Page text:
Located on the campus of the University of Missouri-Kansas City, the National Museum of Toys and Miniatures contains more than 72,000 examples of antique toys and scaled miniatures. The museum originated in 1982 from the personal collections of Mary Harris Francis and Barbara Marshall, and since then has grown to occupy 33,000 square feet.
Tourists will find an impressive collection of antique toys that includes dolls, figures, games, model trains, and more. Some of the most nostalgic examples are Ovaltine's 1938 Telematic Radio Orphan Annie Pin, agate marbles, and a set of lead soldiers complete with mold.
The museum's collection of fine-scale miniatures is the largest in the world, featuring perfectly scaled reproductions of actual art and artifacts. Among the most remarkable pieces are a 1955 Singer sewing machine miniature and a tiny ornate chest in 1:12 scale crafted from ebony and gold. The museum also hosts special events that allow adults to revisit childhood, like marble tournaments or Saturday morning cartoons, complete with a big bowl of cereal.
Address: 5235 Oak Street, Kansas City, Missouri
Official site: www.toyandminiaturemuseum.org
8. Kemper Museum of Contemporary Art
The permanent collection at the Kemper Museum of Contemporary Art began with the Bebe and Crosby Kemper Collection, which includes works by Georgia O'Keeffe, Robert Mapplethorpe, and William Wegman. It now includes a broad range of works, including painting; sculpture; installations; prints; and works on paper, photography, and time-based media.
Groups of 10 or more can arrange to have a free docent-led tour, and there are free drop-in tours each Saturday that are open to the public without reservation. The museum also hosts programs and workshops tailored to engage various groups, including youth, teens, adults, and the whole family.
Address: 4420 Warwick Boulevard, Kansas City, Missouri
Official site: www.kemperart.org
9. Hallmark Visitors Center
Located in the Crown Center complex, the Hallmark Visitors Center displays the history of the greeting card industry. It tells the rags-to-riches story of how Joyce Hall created an international institution based on caring. The center's exhibits explore the company's history and includes interactive stations, as well as a film. It is also home to Kaleidoscope, a children's creativity center that allows kids to use various materials to create their own art. The sessions last 50 minutes and are free of charge, led by Hallmark's own creative staff.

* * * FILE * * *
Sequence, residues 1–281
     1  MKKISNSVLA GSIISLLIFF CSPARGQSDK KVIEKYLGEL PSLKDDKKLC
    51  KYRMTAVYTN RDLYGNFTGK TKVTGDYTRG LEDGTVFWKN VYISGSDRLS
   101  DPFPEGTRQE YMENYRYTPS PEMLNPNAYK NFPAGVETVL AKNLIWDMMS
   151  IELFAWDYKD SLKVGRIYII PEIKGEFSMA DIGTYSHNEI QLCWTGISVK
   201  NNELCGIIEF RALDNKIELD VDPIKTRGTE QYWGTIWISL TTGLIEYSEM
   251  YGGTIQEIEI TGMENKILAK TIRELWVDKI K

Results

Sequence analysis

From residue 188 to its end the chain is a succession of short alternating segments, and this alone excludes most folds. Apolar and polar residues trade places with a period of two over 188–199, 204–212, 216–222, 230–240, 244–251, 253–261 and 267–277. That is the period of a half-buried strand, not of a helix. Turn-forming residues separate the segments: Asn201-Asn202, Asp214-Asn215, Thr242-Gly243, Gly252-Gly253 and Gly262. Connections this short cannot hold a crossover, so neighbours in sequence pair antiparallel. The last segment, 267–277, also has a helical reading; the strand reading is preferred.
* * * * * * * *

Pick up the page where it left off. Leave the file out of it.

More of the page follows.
Location: Crown Center Complex, Grand Boulevard, Kansas City, Missouri
Official site: www.hallmarkvisitorscenter.com
10. American Jazz Museum
The American Jazz Museum is located in Kansas City's Historic Jazz District, once home to some of the genre's most influential musicians, including Big Joe Turner, Count Basie, and Charlie Parker. Museum visitors will be immersed in every aspect of jazz, from history to an exploration of the music itself. Collections include memorabilia like posters and photos, as well as personal items like Ella Fitzgerald's gown and Charlie Parker's saxophone.
Other exhibits include listening stations, mixing boards, and films. The museum is also home to the Blue Room, a jazz club that offers live music several nights a week, as well as the fully restored 1912 Gem Theater, which hosts a wide variety of events and productions. The Jazz Museum is also very involved in community outreach, offering youth programs and hosting local events.
Address: 1616 E 18th Street, Kansas City, Missouri
Official site: www.americanjazzmuseum.org
11. Westport Neighborhood
Tourists looking for a nice neighborhood to explore will love Westport, one of the city's oldest and most popular sightseeing destinations. It was named for its position as the "last stop" in Kansas City before pioneers set out on their journey west and is the site of the Battle of Westport, a crucial victory in ending the Civil War.
This neighborhood is also home to the 1855 Harris House Museum. Today, it is a trendy neighborhood filled with the hottest new restaurants and plenty of shopping at its chic boutiques and antique stores. The community also hosts festivals, concerts, and holiday celebrations.
12. Airline History Museum